Carter Details Acquisitions Savings Plan to Congress
By Lisa Daniel
American Forces Press Service
WASHINGTON, Sept. 29, 2010 Improved acquisitions processes already are resulting in Defense Department cost savings, the undersecretary of defense for acquisitions, technology and logistics told a congressional panel today.
Ashton B. Carter outlined his plans to prune acquisitions spending, as part of a hearing before the House Armed Services Committee to discuss Defense Secretary Robert M. Gates’ broader initiative to redirect funding from duplicative and unnecessary overhead costs to high-priority warfighter needs. Carter was joined by Deputy Defense Secretary William J. Lynn III and Marine Corps Gen. James E. Cartwright, vice chairman of the Joint Chiefs of Staff.
Carter oversees the department’s $400 billion annual expenditures in contracted goods and services. Acquisitions reform is a major component of Gates’ initiative to identify $100 billion in savings over five years in the department’s $700 billion annual budget.
“We have to fundamentally change how we do business,” Carter said. “We cannot give our troops what they need unless we do so.”
Too often, Carter said, DOD leaders have returned to Congress to ask for more money for weapons systems or other products without improvement in the acquisitions monitoring process. As an example, he noted that department officials had to tell Congress last year that F-35 Joint Strike Fighter costs ballooned from a $50 million per aircraft estimate in 2002 to $93 million per aircraft.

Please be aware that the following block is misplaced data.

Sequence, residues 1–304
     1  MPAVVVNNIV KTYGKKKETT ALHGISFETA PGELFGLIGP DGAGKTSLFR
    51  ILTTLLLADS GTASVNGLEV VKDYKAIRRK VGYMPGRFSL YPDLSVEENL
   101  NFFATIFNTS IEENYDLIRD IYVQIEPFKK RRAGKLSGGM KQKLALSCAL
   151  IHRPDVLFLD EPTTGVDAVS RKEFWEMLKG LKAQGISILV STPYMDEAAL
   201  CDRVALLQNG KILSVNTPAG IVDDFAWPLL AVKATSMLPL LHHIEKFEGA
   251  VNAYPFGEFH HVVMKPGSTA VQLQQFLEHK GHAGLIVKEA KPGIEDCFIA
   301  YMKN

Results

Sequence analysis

Department officials began working with contractors to bring down the costs of the F-35 and other weapons systems, Carter said, either by changing designs without compromising capabilities, or by signing multi-year contracts. The services have been able to reallocate $580 million in savings through contractor redesigns, he said, and recently saved $600 million in acquiring the FA-18 aircraft by signing a multi-year contract.
Carter said department officials realized savings last year by cancelling programs that either hadn’t performed or had become obsolete.
With the new efficiencies initiative, he said, it’s imperative for the department to “find savings in programs we do need.”
Under the plan, Carter said, officials will strive for “productivity growth” – a business term meaning to do more without more – and consider what products and services should cost, rather than accepting what contractors say they will cost.
Gates also has directed that there be real competition for contracts. And much of that can be done, Carter said, through better processes in the department’s acquisitions office. In fact, he said, $55 billion in contracts last year were found to have received only one bid, usually by the incumbent contractor. Even two bids per contract are not enough, he said.
“Competition is the single, most powerful tool to drive productivity,” Carter said. “We must stop deluding ourselves that two bids is real competition.”